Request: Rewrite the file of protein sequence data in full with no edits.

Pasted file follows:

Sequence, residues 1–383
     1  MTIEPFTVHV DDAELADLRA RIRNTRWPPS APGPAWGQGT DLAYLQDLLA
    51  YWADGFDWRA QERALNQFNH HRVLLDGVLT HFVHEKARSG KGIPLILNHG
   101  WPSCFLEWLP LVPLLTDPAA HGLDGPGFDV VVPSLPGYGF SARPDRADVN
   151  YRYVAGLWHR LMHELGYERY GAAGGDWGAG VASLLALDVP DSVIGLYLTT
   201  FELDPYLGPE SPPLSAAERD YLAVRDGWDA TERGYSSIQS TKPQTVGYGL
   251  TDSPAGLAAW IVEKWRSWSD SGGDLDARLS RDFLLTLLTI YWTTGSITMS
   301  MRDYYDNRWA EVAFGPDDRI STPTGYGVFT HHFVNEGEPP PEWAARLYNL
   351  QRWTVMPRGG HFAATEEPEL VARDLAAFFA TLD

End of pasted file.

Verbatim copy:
Sequence, residues 1–383
     1  MTIEPFTVHV DDAELADLRA RIRNTRWPPS APGPAWGQGT DLAYLQDLLA
    51  YWADGFDWRA QERALNQFNH HRVLLDGVLT HFVHEKARSG KGIPLILNHG
   101  WPSCFLEWLP LVPLLTDPAA HGLDGPGFDV VVPSLPGYGF SARPDRADVN
   151  YRYVAGLWHR LMHELGYERY GAAGGDWGAG VASLLALDVP DSVIGLYLTT
   201  FELDPYLGPE SPPLSAAERD YLAVRDGWDA TERGYSSIQS TKPQTVGYGL
   251  TDSPAGLAAW IVEKWRSWSD SGGDLDARLS RDFLLTLLTI YWTTGSITMS
   301  MRDYYDNRWA EVAFGPDDRI STPTGYGVFT HHFVNEGEPP PEWAARLYNL
   351  QRWTVMPRGG HFAATEEPEL VARDLAAFFA TLD